Aside from users’ constant misunderstanding of Facebook’s T&C and privacy policy*, I think it has the best model in terms of what you get to see. Yes, if you want to you can search for and be bombarded by groups related to a Neighbours character or “lost my mobile lol” but in normal usage, you only see your friends that you’ve added, and anybody else is basically invisible to you, so the issue of allowing global registration is not really an issue. Without it a lot of my friends who have already graduated wouldn’t have been able to join. Compare this to myspace where every and any unknown stranger (and bot, ARGH) can add a comment to your profile linking to their website to boost their google rank.

    As long as both society and the Internet continue to exist (of which I’m reasonably confident), there will be social networking on the Internet. A few networks will die, but there will always be the ones that do what users want (Facebook) or are backed by very rich news corporations (Myspace).

    *there are countless Facebook groups complaining about the T&Cs of the Facebook Platform, as if it’s a machine harvesting all your personal information, when it’s actually just the backend for the user-written apps, which give no more information to users than they can get through the web interface. It’s depressing to see people unable to read a paragraph of text and understand what it means.

    24 Jun 2007, 11:38

  7. Sue

    I’m a mother and have never considered joining anything like Facebook mainly because I have an aversion to getting too wrapped up in the internet and quite honestly I don’t even know what it is. As any of my friends would testify I’m one of the least nosey people they know, I’m only interested in things that people want me to know but I would draw the line at that sort of random involvement with other peoples lives. A friend said to me only this weekend “If you’re not embarrassing your children you’re not having enough fun” (so you should be pleased for your Mum, Chris Doidge). And another thing in our house we have CSD (child snooping disease) which is not being able to go out without them saying “where are you going, when will you be back and are you sure you’re going to be alright?” Which I get from my grown up son and I secretly rather like.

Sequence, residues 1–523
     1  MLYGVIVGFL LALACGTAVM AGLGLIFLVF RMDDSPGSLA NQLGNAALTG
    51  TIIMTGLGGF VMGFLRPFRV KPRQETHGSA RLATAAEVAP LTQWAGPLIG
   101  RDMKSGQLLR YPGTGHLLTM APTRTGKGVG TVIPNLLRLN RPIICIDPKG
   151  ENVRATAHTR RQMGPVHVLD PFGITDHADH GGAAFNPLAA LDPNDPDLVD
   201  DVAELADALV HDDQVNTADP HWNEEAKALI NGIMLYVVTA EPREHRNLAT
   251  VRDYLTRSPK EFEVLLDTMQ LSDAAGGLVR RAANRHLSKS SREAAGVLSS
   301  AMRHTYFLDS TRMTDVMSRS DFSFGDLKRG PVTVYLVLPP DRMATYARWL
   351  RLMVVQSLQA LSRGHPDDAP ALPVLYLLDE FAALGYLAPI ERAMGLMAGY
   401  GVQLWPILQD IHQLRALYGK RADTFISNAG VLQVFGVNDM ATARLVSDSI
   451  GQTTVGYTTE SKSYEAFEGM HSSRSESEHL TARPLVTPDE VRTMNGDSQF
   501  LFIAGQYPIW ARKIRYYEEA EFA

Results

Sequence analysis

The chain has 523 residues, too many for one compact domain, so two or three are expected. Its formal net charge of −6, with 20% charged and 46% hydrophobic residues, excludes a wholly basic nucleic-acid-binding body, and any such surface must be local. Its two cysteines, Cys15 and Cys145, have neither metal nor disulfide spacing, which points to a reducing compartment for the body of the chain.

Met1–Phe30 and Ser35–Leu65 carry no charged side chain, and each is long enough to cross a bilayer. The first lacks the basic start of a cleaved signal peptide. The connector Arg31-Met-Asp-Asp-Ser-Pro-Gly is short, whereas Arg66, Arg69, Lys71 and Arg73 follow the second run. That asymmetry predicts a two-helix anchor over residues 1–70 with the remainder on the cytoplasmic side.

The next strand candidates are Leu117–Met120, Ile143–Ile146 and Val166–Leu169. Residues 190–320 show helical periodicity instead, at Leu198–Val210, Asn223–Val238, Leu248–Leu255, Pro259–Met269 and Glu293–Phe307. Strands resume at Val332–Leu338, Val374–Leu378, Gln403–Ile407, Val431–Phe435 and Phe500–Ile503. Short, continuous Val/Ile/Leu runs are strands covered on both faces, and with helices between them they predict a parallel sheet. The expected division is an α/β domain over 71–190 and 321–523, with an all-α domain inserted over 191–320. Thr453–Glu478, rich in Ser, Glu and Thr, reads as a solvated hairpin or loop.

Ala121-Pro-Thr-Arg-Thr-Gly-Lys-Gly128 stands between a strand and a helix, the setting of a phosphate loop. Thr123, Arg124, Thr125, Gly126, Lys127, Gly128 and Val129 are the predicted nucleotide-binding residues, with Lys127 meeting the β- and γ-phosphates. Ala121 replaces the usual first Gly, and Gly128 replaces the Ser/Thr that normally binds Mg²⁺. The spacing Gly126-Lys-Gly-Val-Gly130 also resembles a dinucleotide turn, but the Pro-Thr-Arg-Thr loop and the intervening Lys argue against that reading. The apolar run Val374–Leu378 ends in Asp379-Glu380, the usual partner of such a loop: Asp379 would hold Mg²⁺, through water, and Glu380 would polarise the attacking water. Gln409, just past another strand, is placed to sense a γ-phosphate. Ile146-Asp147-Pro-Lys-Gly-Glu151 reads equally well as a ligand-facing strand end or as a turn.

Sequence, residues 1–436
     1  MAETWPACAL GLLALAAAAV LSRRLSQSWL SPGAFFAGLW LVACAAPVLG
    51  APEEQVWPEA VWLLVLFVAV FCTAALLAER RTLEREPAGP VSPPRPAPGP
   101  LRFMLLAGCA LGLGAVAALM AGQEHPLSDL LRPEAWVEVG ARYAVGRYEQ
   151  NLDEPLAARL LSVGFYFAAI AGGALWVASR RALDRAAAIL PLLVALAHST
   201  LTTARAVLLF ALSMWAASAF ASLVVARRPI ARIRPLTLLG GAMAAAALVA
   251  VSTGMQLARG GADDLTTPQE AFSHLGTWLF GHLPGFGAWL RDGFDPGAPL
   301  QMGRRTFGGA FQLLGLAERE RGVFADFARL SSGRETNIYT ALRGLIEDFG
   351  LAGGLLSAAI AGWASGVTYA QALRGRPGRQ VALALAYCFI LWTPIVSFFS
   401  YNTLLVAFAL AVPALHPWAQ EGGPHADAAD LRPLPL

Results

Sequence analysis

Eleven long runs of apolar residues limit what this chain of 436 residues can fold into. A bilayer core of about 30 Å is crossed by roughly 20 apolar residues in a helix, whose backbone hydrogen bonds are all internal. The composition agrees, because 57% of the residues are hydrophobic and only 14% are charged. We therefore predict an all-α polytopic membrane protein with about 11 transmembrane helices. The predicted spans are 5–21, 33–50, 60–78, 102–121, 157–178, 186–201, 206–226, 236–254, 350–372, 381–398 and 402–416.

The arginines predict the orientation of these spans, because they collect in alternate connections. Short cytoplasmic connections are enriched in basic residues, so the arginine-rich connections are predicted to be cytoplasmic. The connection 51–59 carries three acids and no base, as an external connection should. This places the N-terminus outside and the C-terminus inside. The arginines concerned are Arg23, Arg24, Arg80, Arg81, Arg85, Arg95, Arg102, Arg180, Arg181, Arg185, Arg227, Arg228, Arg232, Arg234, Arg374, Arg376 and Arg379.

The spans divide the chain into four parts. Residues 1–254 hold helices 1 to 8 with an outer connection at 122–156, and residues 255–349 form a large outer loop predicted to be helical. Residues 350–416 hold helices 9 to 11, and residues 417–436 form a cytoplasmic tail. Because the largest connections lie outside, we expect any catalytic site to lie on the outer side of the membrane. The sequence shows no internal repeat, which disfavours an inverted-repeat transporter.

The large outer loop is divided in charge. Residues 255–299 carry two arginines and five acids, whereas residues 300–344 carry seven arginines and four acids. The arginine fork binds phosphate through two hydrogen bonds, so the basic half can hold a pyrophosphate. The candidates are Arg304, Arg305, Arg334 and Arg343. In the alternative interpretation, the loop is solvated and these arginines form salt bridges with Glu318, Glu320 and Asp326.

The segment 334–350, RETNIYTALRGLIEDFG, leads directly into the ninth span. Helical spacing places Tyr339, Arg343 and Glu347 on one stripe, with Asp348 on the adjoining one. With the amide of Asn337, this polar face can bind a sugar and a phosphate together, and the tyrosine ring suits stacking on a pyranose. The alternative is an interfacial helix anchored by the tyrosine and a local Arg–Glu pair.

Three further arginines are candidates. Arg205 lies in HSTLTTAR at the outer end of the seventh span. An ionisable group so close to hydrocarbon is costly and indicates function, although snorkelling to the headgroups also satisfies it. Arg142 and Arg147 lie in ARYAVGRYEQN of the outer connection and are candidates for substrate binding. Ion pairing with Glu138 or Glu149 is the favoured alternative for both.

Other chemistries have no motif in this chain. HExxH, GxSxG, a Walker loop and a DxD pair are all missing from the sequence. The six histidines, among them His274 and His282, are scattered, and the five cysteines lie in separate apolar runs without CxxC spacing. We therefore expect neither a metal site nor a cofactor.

25 Jun 2007, 07:21

  8. my mum is on facebook but i don’t think for stalking purposes but rather as a more efficient e-mail system. She knows I’ll pick up a facebook message quicker than an e-mail or dare I say it post!
    Ohh i love post, why does no one write me?

    27 Jun 2007, 23:50

  9. lily

    i’ve managed to put my mother off facebook by telling her how very complicated it is and she wouldn’t understand it anyway. for now. sadly my friends persist in sending her invites so i fear she may succomb. I hate self-censorship and the arrival of my sisters on facebook means i’ve already had to tone down my profile page, remove sex jokes, make sure my wall is clean etc. if my mother came i’d have to make sure no pictures of me smoking or looking rather drunk filtered unto her mini-feed. this is the main problem, as one of her likely only friend on facebook every one of my moves would make it to her mini-feed page. blast. to me facebook is a place i formerly could relax in under the safe knowledge that just my friends could see my profile. i can hardly rfeuse my mother as my friend though can i.

    05 Jul 2007, 13:23

  10. ian rose

    hello all of you.

    I am a producer on The Money Programme on BBC
    Two and we are looking for people who have been
    in exactly this situation. They’ve joined Facebook
    and then their parents have signed up.

    If it’s happened to you please contact me via email
    the address is ian.rose@bbc.co.uk

    many thanks,


    05 Sep 2007, 14:31